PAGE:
My scholarship in early America focuses on how the different voices within underrepresented religious communities challenge the way we understand religious change. While my dissertation and first book focused on Native American Christianity in colonial New England, both my second and current book project are on early American Judaism, particularly the messianic and mystical traditions of the Caribbean. See my CV for complete publications (pdf).
My early work was indebted to my training in Native American oral traditions and culture with scholars in the UCLA Indian Studies program, particularly my work with Paula Gunn Allen and Greg Sarris. My first book, Indian Converts (2008) explores the biographies of four-generations of Native American men, women, and children from the British colonial era and argues for a more syncretic understanding of Native American Christianity.
Messianism, Secrecy & Mysticism
My second book, Messianism, Secrecy, & Mystictism: A New Interpretation of Early American Jewish Life (2012) focuses on the objects of everyday life used and created by Jews, such as ritual baths, food, gravestones, portraits, furniture, as well as the synagogue. By uncovering these objects and exposing the common culture of the Jewish Atlantic world, the book provides a fresh understanding of a crucial era in Jewish and American history. Through these objects I expose how the Judaism of the Diaspora was one enacted by and through the bodies and spaces of children, women and Judeo-Africans, as much as through the elite bodies, practices and writings of men. Jonathan Sarna has called this book, “The most innovative, ambitious and important study of Early American Jewry to appear in the last forty years” and it recently won the 2012 National Jewish Book Award in Jewish American Studies and the 2012 Jordan Schnitzer Book Award in Cultural Studies and Media Studies. Click here for more information.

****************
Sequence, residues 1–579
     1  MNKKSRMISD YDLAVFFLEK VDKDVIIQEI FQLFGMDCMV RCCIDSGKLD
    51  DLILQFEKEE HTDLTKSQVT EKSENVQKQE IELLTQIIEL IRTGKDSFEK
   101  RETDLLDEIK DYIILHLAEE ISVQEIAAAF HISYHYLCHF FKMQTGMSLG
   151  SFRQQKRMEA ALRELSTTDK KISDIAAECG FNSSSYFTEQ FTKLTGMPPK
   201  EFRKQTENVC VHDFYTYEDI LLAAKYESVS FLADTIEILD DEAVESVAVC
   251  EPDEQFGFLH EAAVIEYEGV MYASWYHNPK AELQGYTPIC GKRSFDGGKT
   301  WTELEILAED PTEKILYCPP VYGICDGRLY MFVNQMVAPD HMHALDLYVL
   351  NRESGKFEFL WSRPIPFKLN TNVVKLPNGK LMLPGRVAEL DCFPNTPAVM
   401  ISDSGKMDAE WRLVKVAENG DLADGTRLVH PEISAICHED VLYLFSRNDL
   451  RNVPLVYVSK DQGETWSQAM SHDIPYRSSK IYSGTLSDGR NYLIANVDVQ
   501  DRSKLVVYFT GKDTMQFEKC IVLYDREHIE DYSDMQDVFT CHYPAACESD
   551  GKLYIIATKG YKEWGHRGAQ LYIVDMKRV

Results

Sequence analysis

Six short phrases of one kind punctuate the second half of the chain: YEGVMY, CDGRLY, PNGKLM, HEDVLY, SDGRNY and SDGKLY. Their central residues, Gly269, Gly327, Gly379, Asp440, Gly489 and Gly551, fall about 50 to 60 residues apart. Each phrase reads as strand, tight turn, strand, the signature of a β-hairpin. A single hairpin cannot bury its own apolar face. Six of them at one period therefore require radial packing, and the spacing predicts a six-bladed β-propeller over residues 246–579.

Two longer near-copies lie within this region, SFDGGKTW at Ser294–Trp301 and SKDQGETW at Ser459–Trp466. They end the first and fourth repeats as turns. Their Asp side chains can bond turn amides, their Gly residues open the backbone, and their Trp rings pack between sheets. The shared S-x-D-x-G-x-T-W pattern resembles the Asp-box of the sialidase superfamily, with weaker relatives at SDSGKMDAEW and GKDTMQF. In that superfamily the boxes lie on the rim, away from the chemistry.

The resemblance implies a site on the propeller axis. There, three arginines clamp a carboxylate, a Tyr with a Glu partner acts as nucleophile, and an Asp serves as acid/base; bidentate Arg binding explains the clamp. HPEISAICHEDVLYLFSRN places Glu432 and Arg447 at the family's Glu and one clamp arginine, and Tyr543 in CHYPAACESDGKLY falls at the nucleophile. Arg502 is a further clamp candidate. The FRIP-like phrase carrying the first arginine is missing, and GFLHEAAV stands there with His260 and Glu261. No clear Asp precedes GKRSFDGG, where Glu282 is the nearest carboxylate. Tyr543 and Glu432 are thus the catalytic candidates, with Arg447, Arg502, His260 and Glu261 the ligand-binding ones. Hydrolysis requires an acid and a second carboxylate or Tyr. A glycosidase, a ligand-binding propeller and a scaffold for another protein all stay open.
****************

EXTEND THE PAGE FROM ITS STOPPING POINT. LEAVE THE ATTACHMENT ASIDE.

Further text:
The Material of Race: How Emancipation Transformed American Jews
My current book project looks more closely at the intersection of race and gender during the emancipation era (1790s-1840s) for Jews in North American and the Caribbean. In it, I argue that the racializing of Jews happens earlier in the Americas than most other historians have suggested. I use community responses to mixed-race Jewish families and individuals to argue that we should consider how Jews were active participants in race making, rather than always thinking about race as something done to Jews vis-à-vis anti-semitism. In my discussion of early mixed race marriages I demonstrate how gender and race are intertwined, and the way that individual Jews constructed their ethnic and racial identities was tied to their gender. Click here for a table of contents.